The D’Arcy Thompson Typewriter – Dr Aileen Fyfe

ImageWhy would a professor of Natural History in 1920s St Andrews own a typewriter? When I originally agreed to give a lunchtime talk at MUSA about their typewriter, it hadn’t occurred to me that this was a problematic question. It is easy for us to think about typewriters as the precursors to computers and word processors; so just as modern academics use computer-based word processors, we might assume our predecessors would have used typewriters. Wrong!

The first commercially successful typewriter was the Remington 2, launched in 1874. Mark Twain bought one that very year, seduced (and misled) by its promise of speed – and hired a secretary to operate it. Twenty-five years later, Henry James bought a Remington 7 – and hired a secretary – to ease the burden on his over-used writing arm. What those examples disguise, however, is the fact that typewriters were originally business machines, and most commonly used in the offices of insurance companies and their like. The British civil service began using typewriters in the 1870s and 1880s to replace recalcitrant male hand-copyists who were demanding higher payment. The civil service initially used boys as typists, but later switched to respectable young ladies. Trained typists could get through more paperwork than the hand-copyists, and ladies were expected to make fewer demands on their employers (though by the early 1900s, the civil service had discovered this wasn’t true!)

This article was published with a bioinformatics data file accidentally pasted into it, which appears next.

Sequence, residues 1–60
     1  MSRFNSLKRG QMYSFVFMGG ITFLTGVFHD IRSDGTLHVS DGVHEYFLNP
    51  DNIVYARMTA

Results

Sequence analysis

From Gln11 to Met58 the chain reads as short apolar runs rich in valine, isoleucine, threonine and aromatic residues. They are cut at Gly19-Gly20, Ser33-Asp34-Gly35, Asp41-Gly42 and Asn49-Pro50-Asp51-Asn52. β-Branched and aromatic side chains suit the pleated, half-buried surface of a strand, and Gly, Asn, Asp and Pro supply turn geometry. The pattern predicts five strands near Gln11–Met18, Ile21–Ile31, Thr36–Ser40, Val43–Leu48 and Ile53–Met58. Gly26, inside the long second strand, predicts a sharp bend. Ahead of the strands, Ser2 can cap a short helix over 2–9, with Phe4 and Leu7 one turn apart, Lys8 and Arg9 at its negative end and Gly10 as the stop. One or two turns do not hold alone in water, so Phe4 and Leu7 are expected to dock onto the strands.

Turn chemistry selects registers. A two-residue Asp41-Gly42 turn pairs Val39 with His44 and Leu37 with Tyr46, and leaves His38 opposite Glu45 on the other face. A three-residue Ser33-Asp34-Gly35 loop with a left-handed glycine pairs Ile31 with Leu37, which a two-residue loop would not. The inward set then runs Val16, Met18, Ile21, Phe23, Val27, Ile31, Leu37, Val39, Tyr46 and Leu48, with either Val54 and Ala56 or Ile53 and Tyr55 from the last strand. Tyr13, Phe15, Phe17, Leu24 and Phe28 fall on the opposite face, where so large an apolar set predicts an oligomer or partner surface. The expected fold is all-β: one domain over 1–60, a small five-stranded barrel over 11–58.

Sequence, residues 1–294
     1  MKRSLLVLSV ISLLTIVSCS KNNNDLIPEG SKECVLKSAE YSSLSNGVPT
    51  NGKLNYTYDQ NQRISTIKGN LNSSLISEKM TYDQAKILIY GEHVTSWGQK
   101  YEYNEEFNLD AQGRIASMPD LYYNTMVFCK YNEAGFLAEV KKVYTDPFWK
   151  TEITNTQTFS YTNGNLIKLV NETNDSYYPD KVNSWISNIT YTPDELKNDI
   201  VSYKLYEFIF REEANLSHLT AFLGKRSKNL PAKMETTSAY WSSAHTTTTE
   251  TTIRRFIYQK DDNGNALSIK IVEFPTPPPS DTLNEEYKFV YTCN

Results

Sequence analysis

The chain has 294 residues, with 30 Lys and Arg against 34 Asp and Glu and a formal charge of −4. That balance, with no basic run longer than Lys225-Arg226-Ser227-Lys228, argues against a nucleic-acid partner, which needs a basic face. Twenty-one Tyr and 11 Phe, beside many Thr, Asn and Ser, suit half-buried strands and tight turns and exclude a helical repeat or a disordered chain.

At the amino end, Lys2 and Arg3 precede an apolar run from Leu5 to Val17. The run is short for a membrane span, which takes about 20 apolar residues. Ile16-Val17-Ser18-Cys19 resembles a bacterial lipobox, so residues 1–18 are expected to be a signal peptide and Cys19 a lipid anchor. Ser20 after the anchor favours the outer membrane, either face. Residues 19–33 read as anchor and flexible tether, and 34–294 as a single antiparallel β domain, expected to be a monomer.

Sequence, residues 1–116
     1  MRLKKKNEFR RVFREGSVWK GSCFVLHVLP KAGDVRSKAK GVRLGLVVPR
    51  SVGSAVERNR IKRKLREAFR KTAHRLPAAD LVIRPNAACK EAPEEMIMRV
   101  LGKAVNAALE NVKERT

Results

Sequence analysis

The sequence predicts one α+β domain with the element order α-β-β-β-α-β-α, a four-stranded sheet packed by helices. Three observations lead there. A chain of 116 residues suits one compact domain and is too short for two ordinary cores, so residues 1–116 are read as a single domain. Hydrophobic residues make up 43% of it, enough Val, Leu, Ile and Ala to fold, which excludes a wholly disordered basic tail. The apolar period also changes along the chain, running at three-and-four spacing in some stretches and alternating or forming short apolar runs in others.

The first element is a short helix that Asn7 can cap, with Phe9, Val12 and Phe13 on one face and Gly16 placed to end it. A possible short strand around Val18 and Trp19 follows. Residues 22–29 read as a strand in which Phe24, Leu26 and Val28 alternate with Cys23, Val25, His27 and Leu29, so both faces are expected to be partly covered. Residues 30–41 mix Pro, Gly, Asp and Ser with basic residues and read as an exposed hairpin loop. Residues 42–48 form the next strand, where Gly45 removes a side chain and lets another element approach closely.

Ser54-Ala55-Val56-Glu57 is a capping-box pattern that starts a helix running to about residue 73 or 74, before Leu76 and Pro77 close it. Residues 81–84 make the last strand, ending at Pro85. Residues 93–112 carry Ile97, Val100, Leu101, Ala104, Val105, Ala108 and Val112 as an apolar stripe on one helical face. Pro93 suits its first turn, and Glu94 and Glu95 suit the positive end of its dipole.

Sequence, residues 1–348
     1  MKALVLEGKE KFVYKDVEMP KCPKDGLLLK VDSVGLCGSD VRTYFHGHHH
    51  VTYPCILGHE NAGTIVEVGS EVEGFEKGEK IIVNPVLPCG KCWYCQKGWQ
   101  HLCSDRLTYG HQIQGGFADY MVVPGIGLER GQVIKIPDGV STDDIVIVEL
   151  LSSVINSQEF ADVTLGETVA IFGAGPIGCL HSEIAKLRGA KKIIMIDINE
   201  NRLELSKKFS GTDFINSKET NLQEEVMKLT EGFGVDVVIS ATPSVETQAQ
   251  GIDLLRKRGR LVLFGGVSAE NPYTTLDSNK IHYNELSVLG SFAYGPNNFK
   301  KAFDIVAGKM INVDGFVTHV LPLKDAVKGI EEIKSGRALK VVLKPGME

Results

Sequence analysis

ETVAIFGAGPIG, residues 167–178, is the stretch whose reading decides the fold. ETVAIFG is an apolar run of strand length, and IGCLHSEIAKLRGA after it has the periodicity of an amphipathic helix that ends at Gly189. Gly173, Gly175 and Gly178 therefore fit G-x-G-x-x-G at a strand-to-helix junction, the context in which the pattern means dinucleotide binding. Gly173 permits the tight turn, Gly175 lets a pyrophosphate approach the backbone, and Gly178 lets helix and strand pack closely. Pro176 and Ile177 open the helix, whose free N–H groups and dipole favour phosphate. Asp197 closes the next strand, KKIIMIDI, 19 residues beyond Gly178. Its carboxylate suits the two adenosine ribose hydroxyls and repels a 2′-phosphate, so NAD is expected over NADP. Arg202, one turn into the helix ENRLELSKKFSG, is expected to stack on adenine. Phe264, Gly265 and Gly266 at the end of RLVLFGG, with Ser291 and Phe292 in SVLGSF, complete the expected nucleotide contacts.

ImageThe MUSA typewriter is a Remington 12 (launched 1923), and is believed to have belonged to Professor D’Arcy Wentworth Thompson (1860-1948), best known for his Growth and Form (1917) and, locally, for developing the Bell-Pettigrew Museum. His daughter’s memoir recalls him using a typewriter in the evenings, in the dining room of the family home on South Street, in the 1920s or 1930s. The question that still intrigues me is: why? If he wanted his writing typed up, he could have sent it to a professional typist. He had survived most of his professional life without a typewriter, so why acquire a machine then? And learn to use it himself?

Some of the answers might be found by a detailed investigation of Thompson’s personal papers, which are held in Special Collections. They might reveal when he began to use it, and what type of writing the machine was used for. But until someone does that research, the mystery remains…

About standrewshistory
With over forty full time members of staff researching and teaching on European, American and Asian history from the dawn of the Middle Ages to the present day, the School of History at the University of St Andrews has one of the finest faculty and diverse teaching programmes of any School of History in the English speaking world. The School boasts expertise in Mediaeval and Modern History, from S cotland to Byzantium and the Americas to the Middle East and South Asia.Thematic interests include religious history, urban history, transnationalism, historiography and nationalism. The School of History prides itself on small group teaching and tutorials allowing for in depth study and supervision tailored to secure the best from each student. Cutting edge research combined with teaching excellence offer a dynamic and intellectually stimulating environment for the study of History.

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